It’s not often that we have something happen in sports that has never happened before. But Wednesday night, the Atlanta Hawks actually will play in the Eastern Conference Finals.
Yes, the Hawks. Not the Chicago Bulls or the Boston Celtics or the Miami Heat. The Hawks.
They won 60 games in the regular season. They have the No. 1 seed. But don’t blame anyone for still being a little shocked the Hawks have actually made it this far.
It has never happened before, so it might take awhile for this to settle in.
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Sure, the Hawks played in the series leading into the NBA Finals back in 1970. For some reason, they were in the Western Division back then. There were no conferences, just two divisions. The Los Angeles Lakers and Wilt Chamberlain swept the Hawks in four games.
But that was a bit different. There are now two conferences and six divisions. It’s a little more difficult now compared with 45 years ago when there were only 14 teams in the NBA.
This Hawks team played two tough series against teams that did not give up. The Brooklyn Nets and Washington Wizards both played well against Atlanta, but the Hawks showed they have the better team. And now, not a soul on Earth will give the Hawks much of a chance against LeBron James and the Cleveland Cavaliers.
But why not? Well, he’s LeBron James. He’s going to get the national love. The expectation from the time he returned to Cleveland last summer was he would have the Cavs in this position. But that might actually help the Hawks. Maybe no one giving them a chance or much credit will inspire this team to shock the world.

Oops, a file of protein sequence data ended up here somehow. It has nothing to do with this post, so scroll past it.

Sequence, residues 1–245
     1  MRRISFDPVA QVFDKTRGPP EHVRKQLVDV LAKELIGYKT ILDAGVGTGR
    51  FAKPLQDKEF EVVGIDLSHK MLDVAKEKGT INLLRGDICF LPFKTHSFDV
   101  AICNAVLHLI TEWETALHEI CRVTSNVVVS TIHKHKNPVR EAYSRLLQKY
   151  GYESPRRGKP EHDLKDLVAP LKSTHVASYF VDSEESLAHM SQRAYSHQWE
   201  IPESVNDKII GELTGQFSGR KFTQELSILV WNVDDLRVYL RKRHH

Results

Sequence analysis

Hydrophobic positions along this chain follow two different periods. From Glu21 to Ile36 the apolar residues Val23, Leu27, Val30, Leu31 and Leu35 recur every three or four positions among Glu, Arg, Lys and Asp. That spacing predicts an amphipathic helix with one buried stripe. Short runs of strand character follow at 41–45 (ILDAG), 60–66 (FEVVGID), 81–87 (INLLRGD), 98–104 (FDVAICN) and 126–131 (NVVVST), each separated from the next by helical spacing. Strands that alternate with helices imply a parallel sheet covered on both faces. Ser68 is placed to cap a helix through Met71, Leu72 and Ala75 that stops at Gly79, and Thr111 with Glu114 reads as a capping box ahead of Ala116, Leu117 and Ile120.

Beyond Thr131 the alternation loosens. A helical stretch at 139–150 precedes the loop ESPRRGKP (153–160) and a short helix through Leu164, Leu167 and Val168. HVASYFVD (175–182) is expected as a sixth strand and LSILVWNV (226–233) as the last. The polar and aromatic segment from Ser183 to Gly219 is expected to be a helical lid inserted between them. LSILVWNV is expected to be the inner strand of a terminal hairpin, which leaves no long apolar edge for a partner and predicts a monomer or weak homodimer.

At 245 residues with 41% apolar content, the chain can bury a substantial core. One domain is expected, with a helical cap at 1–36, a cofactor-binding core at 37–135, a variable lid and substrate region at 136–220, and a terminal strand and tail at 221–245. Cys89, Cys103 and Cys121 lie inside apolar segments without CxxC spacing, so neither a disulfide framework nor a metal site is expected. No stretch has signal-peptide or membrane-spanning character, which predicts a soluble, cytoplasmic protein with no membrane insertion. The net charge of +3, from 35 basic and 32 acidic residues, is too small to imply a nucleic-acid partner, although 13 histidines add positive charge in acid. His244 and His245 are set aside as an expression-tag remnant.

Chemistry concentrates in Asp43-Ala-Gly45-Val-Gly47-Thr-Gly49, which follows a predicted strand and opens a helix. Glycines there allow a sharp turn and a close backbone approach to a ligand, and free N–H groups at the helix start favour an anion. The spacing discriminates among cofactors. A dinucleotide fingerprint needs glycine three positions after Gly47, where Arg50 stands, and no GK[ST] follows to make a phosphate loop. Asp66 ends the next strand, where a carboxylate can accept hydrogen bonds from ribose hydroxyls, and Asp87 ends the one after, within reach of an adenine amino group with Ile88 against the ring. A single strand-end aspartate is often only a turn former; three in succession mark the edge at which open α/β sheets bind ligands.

And yes, having the Hawks in the NBA Finals would shock the world. They’ve shocked us all year, so why stop now?
Atlanta’s defense has been the key all season, and it again will be in this series. The Hawks have neutralized players, but can they do that to James? Well, if they keep him contained and he doesn’t go off for 40 points or more, that will put the pressure on the players around James to step up.
Kevin Love, the second best player for Cleveland, is out. Kyrie Irving, their other star, is banged up. They need to have players like Tristan Thompson to do well, and he could give the Hawks fits with his size and athleticism. But if Atlanta can control Irving, Cleveland will have to find points from someone else.
The great thing about Atlanta is that any one of four or five players can beat the opponent on a given night. They do not have a star but instead several players who can go off and be the leading scorer for a game.
The Wizards did a great job of not letting Kyle Korver beat them. He averaged just seven points per game in the series against the Wizards. But if Korver gets hot, he can carry this Atlanta team. And when Korver gets his shot going, it seems to make everyone else around him better, not to mention the fact it stirs up the crowd when he does it in Atlanta.
DeMarre Carroll has been outstanding in the playoffs. After averaging 12.6 points per game in the regular season, he leads the Hawks with 17.1 points per game in the playoffs. But Carroll’s biggest task likely won’t be to score. He gets to guard James, and the Hawks will count on Carroll to not let James single-handedly win the series.
Can Cleveland deal with Jeff Teague and Dennis Schroder when they are on the floor at the same time? That was a very effective strategy for the Hawks against the Wizards. Then there’s Paul Millsap and Al Horford. See, the Hawks have so many weapons. Sometimes not having a star actually might be a good thing.
This fairy tale is not over yet, and it won’t be for a while. The Hawks will win this series in six games. They have the defense, and they must feel good about themselves after an impressive series with Washington. The team concept will continue this magical season, and somehow we’ll be pinching ourselves again when the Hawks advance to the NBA Finals.
Listen to “The Bill Shanks Show” from 3-6 p.m. weekdays on WPLA Fox Sports 1670 AM in Macon and online at www.foxsports1670.com. Follow Bill at twitter.com/BillShanks and email him at firstname.lastname@example.org.